Gravity is a story of survival in spite of obscenely difficult circumstances. The movie depicts an astronaut’s struggle with a continuous stream of obstacles within the sometimes serene, sometimes frightening realm of space. The trailers seemed to suggest that Gravity would be about disaster, about the unforgiving nature of life in the void and the horrific power of accidents. But taken as a whole the movie is about finding a reason for optimism, and thus for living.
Optimism drives the character development of Dr. Ryan Stone (Sandra Bullock). The movie opens with a spacewalk, which is routine for mission commander Matt Kowalski (George Clooney), a seasoned astronaut perpetually telling bawdy stories and accompanied by an endless stream of country music on his comm channel. For Dr. Stone it is anything but routine. She is having a rough time with every aspect of the mission and desperately trying not to vomit. Her plight is made worse when the team’s space shuttle is hit by a volley of debris, totally destroying the ship and killing every member of the crew except her and Kowalski.
Stone is immediately thrown off the ship and into free-flight, tumbling all the while. She panics and desperately calls for help on her radio, which eventually tapers out. Her situation seems hopeless and so does she. For a long moment she appears resigned to a fate of floating out into the vast nothingness and stops breathing. Abruptly she comes to her senses and regains contact with Kowalski, who rescues her. She and Kowalski float from hardship to hardship, their situation growing increasingly untenable as they proceed. They banter, with Kowalski providing Stone with moral and technical support in exchange for insights into her life. But eventually Stone is left on her own.
The obstacles continue to mount, but Stone’s will to survive and her focus grow rather than diminish. It is only when a situation seems hopeless that her drive tapers off, but the slightest hint of a way out of a bad situation provides her with renewed spirit. She pounds a control panel in frustration or turns off her oxygen in preparation for a painless death, but when she remembers that she can disengage a module to gain velocity or that she can use launch thrusters as propulsion, she is suddenly 100 percent committed to living once more.
We learn that this situation is not unusual for her, and that she has had a tragedy on Earth that was also seemingly impossible to overcome. She initially seems to be unsure of what she has to live for or why she should bother trying, but her resistance to adversity grows in proportion to the crisis she faces, and so too does her desire to live.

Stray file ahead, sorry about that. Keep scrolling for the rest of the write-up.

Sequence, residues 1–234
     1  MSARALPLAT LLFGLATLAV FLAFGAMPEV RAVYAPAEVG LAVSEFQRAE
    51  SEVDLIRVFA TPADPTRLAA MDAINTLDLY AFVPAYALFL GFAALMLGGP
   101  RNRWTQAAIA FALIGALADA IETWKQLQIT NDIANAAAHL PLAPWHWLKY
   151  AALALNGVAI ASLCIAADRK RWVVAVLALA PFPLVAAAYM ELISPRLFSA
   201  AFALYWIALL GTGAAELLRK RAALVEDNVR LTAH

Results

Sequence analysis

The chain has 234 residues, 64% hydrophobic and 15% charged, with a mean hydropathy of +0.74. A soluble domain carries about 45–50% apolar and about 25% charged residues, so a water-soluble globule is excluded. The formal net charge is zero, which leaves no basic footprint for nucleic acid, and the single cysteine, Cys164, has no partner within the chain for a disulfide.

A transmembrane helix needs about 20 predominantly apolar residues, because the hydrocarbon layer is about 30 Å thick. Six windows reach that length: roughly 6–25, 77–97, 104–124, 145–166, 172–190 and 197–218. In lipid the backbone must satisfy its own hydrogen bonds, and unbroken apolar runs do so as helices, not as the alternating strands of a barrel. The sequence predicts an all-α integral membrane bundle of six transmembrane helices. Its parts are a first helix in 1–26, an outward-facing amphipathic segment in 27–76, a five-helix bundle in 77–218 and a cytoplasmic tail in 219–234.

Her struggle is exceptionally intense and riveting to watch, especially because of the immersion Gravity’s viewers must endure. The perspective of most of the scenes is an intimate one, often from within the helmet of Stone’s spacesuit. When characters are sitting in landing modules or floating through space stations, the camera follows them and their swimming motions, caught within the claustrophobic confines of utilitarian vessels. And viewers must endure the confusing lack of orientation that comes from not being bound by earthly physics; what is up one second may be down or left moments later, and it is not rare for the camera to spin in wild rotation when characters find themselves thrown around by their exertions. The music adds to this, a constant droning and humming that leaves one feeling caught in the spin cycle of a washing machine.
Space is not depicted as a barren and empty place. It is a vast wasteland of debris and vehicles, with Earth perpetually looming over them. Only occasionally do we glimpse stars, but when we do it’s a bad thing, because it means that characters are drifting away from home. When we explore the wreckage of the space shuttle or the International Space Station, we are reminded of what it’s like to be live in microgravity, as assorted tchotchkes such as chess pieces or figurines float by—evidence that people have to eke some kind of life within this wild frontier. It’s an unforgiving place, as seen when Dr. Stone breaks down and starts crying, and her tears float directly off of her face.
But it’s also a soothing place and a place for contemplation. A poignant moment—practically an intermission—comes when Stone arrives at a space station for the first time. She is breathing C02 at this point, so once she closes the airlock and the chamber pressurizes, she takes full advantage of the moment of relief, stripping off her spacesuit and curling into a fetal position. One is reminded of the opening sequence of Barbarella, in which Jane Fonda also discards a spacesuit and flounces around in microgravity. But whereas in Barbarella the mood is one of cheeky exploitation and exhibitionism, Gravity’s disrobing is about showcasing vulnerability.
Gravity presents a universe in which everything that can go wrong will go wrong, and in which the reward for overcoming danger is more danger. There are scenes that will remind you of the heartbreaking stories of the crews of Challenger and Columbia. But it’s also a world where you have a chance to power through and keep going. Space, like Earth, is a dangerous place, full of freak accidents. But a determined human being is bigger than any accident.
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